Sanjeev Slehria, MD, Prateek Sharma, MD


Curr Opin Gastroenterol. 2003;19(4) 

In This Article

Techniques for Metaplasia and Dysplasia Detection

Barrett esophagus is detected in approximately 10% of patients undergoing endoscopy for GERD. Annual costs of surveillance using current standard endoscopy and random biopsies in the United States would be astronomical, close to $350 million as suggested by various models. Transnasal upper endoscopy has been shown in a pilot study to be cost-effective, feasible, and accurate for identification and histologic confirmation of Barrett metaplasia, with the histologic yield for dysplasia comparable to conventional upper endoscopy.[18*]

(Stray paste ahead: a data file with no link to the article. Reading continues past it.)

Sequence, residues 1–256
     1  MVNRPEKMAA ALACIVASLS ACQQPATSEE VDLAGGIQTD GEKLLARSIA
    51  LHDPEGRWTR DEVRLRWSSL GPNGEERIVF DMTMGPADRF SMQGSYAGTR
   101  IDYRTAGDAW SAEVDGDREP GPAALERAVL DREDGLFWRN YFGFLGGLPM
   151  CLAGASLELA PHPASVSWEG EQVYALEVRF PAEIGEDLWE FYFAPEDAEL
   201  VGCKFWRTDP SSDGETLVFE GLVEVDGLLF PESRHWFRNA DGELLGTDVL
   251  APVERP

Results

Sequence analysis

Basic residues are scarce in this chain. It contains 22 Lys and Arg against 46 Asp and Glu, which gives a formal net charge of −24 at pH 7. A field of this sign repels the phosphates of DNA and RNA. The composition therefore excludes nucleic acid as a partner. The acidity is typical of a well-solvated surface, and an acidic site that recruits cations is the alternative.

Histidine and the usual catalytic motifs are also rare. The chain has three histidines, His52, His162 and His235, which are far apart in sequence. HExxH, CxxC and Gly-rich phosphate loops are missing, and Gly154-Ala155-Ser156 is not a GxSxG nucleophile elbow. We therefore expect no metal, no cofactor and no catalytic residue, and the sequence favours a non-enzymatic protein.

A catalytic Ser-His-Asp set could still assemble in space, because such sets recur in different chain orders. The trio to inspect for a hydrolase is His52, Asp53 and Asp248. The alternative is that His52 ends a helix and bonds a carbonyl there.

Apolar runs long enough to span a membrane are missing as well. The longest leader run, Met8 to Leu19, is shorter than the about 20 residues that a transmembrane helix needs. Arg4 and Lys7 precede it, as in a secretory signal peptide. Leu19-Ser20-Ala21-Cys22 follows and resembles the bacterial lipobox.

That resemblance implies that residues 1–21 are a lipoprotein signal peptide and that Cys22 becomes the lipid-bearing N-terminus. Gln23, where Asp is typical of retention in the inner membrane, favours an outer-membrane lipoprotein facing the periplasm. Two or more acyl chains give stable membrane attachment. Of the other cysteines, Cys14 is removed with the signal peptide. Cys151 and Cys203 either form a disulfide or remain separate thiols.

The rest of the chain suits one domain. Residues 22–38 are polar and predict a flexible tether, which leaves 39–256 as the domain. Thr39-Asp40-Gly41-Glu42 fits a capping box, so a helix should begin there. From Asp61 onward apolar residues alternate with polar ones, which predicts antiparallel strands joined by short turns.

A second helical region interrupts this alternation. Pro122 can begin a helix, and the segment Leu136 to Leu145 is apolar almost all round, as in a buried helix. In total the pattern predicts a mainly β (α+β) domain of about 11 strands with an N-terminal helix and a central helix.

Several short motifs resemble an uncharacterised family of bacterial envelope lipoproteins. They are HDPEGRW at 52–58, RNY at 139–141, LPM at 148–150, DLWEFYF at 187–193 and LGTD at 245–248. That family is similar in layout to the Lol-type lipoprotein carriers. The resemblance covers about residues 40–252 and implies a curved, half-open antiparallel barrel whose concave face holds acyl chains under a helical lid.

The use of techniques such as chromoendoscopy, magnification endoscopy, or spectroscopy has recently shown to help target areas suspected to have intestinal metaplasia and dysplasia and may increase the yield on initial endoscopy. Vital staining can be beneficial if it identifies more patients with Barrett esophagus. Confirmation of intestinal metaplasia in patients with suspected SSBE by using methylene blue-directed biopsies was done in a group of 75 patients and compared with a control group of 83 patients who had undergone random biopsies by Sharma et al..[19*] Intestinal metaplasia was detected in 61% of the methylene blue group vs 42% of the control group (P = 0.0237). Patients in the methylene blue group required significantly fewer biopsies. Dysplasia in Barrett esophagus is currently diagnosed by random biopsies, subject to targeting and sampling error. New techniques could be effective. Preliminary studies suggest that protoporphyrin IX fluorescence resulting from exogenously administrated 5-aminolevulinic acid may improve the detection of dysplastic mucosa in the gastrointestinal tract.[20] Patients were given 10 mg/kg of aminolevulinic acid orally 3 hours before endoscopy. By using protoporphyrin IX fluorescence alone, HGD dysplasia was distinguished from nondysplastic tissues types with 77% sensitivity and 71% specificity.


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